Following table lists some of the main detox nutrients and functions they are needed for.



activates alcohol dehydrogenase, the enzyme needed for transformation of hydroxylated toxins from their alcohol form to an intermediate (often more toxic) aldehyde form


activates aldehyde oxidase enzyme, needed for conversion of aldehydes into a water-soluble acidic form (detox pathway end for vinyl chloride, formaldehyde, chemicals from industrial and auto exhaust, etc.)


needed by a number of MFO enzymes


needed for alcohol dehydrogenase, also in hydroxylation and reduction (dehalogenation); fundamental in the P-450 cycle



amino acids needed for the synthesis of the main Phase II conjugator, glutathione


carrying out amino acid conjugation


amino acids needed for the sulfation detox pathway


needed for one of the main transferases (Phase II conjugators), 3'-phosphoadenosine, 5'-phosphosulfate (PAPS)


needed for PAPS and other sulfotranferases in the sulfation detox pathway


needed for glucuronyl transferase (UDPGT), conjugator to glucuronic acid (detox pathway for thrichloroethanol, metabolite of thrichloroethylene, and bisphenol A)


activates glutathione synthetase enzyme, needed for glutathione synthesis



needed for glutathione peroxidase enzyme, neutralizing hydrogen and lipid peroxides


needed for superoxidase dismutase (SOD), the main cellular scavenger of radicals created by metabolism and detoxication


needed for ceruloplasmin, antioxidant plasma (bloodstream) enzyme, partly overlapping with Cu-Zn SOD


needed by xanthine oxidase enzyme, which oxidises purines into uric acid, a protective plasma antioxidant assisting in neutralizing radicals, including those formed during detoxication


antioxidant protection in body fluids, also helps recycle glutathione


antioxidant protection of the lipid structures; assists glutathione peroxidase in protecting the lipids in the cell membrane; at the membrane surface forms a antioxidant synergy with vitamin C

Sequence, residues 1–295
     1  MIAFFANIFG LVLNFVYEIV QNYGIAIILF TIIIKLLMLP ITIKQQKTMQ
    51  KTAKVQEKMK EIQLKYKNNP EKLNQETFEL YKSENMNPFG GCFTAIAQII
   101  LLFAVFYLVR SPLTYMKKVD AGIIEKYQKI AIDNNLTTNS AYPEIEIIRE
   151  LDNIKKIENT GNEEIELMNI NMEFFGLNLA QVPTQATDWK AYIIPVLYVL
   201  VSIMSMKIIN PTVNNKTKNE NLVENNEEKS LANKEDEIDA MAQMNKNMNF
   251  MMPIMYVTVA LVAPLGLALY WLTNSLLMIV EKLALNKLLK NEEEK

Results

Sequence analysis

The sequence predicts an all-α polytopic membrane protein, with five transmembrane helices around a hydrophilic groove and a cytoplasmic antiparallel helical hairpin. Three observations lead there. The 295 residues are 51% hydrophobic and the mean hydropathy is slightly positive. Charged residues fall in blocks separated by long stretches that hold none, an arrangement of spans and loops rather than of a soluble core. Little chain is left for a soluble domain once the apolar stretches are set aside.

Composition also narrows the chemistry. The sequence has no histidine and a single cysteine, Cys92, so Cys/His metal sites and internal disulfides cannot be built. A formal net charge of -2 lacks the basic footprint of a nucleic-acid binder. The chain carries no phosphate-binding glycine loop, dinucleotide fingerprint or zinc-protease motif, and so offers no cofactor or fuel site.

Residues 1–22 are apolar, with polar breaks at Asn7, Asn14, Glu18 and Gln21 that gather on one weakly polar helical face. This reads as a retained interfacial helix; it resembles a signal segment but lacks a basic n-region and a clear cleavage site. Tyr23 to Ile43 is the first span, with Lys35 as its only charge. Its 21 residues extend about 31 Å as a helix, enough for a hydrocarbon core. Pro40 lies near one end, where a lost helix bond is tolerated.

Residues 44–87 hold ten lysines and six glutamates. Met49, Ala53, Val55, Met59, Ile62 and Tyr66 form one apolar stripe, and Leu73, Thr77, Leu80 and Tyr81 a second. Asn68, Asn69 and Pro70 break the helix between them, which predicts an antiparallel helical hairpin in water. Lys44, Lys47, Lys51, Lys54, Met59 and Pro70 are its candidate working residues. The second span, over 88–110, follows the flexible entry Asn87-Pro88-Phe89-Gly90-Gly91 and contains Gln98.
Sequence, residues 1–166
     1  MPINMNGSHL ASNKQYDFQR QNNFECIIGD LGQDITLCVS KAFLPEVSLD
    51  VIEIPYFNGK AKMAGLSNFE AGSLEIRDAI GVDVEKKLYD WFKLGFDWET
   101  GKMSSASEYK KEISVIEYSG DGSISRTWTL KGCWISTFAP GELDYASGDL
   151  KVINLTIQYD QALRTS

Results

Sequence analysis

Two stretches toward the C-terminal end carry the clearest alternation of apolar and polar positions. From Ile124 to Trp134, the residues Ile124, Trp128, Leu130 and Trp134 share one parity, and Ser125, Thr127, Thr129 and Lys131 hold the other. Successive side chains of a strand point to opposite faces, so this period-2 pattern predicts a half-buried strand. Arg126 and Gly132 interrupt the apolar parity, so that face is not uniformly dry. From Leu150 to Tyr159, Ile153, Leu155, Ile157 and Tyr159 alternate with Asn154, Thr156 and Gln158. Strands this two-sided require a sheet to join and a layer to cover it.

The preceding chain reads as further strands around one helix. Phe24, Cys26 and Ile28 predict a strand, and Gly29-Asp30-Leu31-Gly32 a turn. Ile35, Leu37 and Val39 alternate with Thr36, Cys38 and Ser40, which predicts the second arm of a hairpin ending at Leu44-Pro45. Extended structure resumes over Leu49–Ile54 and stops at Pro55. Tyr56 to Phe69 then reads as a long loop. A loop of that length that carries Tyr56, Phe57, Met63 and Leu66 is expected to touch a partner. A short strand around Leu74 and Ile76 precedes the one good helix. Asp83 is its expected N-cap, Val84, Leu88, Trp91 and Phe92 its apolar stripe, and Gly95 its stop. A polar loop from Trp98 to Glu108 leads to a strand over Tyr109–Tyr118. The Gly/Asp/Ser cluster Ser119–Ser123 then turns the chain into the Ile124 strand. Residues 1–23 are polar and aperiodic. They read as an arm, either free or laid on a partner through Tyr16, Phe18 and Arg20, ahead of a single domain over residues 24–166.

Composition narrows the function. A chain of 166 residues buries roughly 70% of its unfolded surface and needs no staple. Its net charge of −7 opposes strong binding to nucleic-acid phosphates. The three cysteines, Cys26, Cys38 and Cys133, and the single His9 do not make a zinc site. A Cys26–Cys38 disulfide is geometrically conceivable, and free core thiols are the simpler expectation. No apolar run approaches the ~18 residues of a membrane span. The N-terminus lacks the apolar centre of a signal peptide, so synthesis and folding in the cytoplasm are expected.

protect lipids from oxidation


amino acid antioxidant protection in the blood stream


needed for G6PD (Glucose-6-phosphatase dehydrogenase) enzyme, a factor in maintaining reduced glutathione for neutralization of peroxides


needed for glutathione peroxidase enzyme, in neutralizing peroxides formed during detoxication; also needed for G6PD

OTHER DETOX NUTRIENTS: VITAMINS B3, B5, B6, B12, choline, tryptophan, threonine, heme, flavonoids, thiols...

This is only a small fraction of the reactions taking place during detoxication, but already shows that a multitude of nutrients are directly involved in it. Many more are indirectly involved, being needed for the absorption, metabolism or assimilation of detox nutrients, or affecting them in some other way.

Not seldom, intermediary chemical forms are as toxic - or more so - than the original toxin. Such as the case with alcohol, nicotine, toxins from grilled and barbequed meats, exhaust fumes, pesticides, paint fumes, etc. (for instance, an aldehyde intermediary metabolite of alcohol in drinking beverages is thirty times more toxic than alcohol itself, and accounts for most of its unpleasant - or dangerous - side effects).

Thus, for the efficient protection from toxins,